However, the health care industry in the USA might make a different decision.
He Deserves To Live
This is what I know today—my Uncle Jose is finally being treated right. As a human.
He’s not from here. He came from Zacatecas when he was young. He has no insurance. His failing kidneys didn’t seem to matter. Took five diabetic attacks before a doctor even glanced at him. It didn’t matter that he’s a dad or a father figure to me, his niece. No money—they overlook you No insurance—you might as well be invisible.
I remember the day before my uncle’s operation. They were going to move the tubes for his dialysis treatment into his arm. The left arm just like his mom had it. I could see the fear masked behind his eyes. He tried to keep it together but I could tell he was falling apart.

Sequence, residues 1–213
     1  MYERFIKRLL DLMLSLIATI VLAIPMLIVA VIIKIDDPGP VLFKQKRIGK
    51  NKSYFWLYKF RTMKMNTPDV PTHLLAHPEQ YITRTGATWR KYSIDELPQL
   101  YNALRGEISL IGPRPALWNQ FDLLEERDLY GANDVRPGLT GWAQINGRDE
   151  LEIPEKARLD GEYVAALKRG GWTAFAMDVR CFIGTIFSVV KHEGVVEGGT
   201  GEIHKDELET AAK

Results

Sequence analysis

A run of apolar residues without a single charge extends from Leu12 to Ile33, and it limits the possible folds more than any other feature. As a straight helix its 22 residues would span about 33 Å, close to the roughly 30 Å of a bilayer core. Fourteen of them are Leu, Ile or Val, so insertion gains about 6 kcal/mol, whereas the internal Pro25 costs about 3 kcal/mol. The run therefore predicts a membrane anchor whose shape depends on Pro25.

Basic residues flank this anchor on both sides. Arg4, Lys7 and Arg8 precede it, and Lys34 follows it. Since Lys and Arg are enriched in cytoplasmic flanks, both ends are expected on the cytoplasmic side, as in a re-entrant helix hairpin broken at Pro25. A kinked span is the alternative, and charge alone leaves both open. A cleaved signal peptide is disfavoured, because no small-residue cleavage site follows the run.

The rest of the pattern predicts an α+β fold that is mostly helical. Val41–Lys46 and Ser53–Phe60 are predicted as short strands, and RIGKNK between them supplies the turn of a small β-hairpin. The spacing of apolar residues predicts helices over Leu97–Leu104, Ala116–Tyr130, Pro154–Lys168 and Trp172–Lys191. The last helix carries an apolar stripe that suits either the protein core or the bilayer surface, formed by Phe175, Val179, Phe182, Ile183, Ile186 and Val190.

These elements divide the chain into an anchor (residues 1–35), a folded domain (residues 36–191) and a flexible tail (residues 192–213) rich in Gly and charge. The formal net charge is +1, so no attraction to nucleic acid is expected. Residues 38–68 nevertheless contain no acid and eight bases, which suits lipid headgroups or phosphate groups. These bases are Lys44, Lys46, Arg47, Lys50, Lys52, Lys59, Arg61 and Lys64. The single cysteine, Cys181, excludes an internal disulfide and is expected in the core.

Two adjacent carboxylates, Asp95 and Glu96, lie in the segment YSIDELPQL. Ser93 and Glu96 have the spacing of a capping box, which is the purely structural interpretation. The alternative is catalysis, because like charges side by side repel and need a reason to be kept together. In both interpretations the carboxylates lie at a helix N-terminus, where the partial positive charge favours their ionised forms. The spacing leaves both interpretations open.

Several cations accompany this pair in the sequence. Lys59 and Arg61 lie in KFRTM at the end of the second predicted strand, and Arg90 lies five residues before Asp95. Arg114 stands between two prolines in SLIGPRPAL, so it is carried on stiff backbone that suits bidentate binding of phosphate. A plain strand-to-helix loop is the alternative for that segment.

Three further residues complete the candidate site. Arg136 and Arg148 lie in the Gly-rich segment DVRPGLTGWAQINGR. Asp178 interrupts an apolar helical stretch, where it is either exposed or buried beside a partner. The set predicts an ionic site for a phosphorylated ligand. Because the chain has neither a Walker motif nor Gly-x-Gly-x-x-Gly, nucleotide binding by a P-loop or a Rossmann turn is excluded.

His eyes are now swallowed by dark around them. His once tanned skin is now pale and colorless. And although he laughs, I can hear the breaths of pain hidden between those moments of joy.
He woke. Weeks had passed. Now he has a longer chance of raising his kids, of seeing them grow up. My Uncle Jose deserves to live.
Dialysis. Every Monday, Wednesday and Friday. He’ll be okay. I hope.
As long as they see him still. As long as they view him as human. Actually as long as they can turn a profit. ---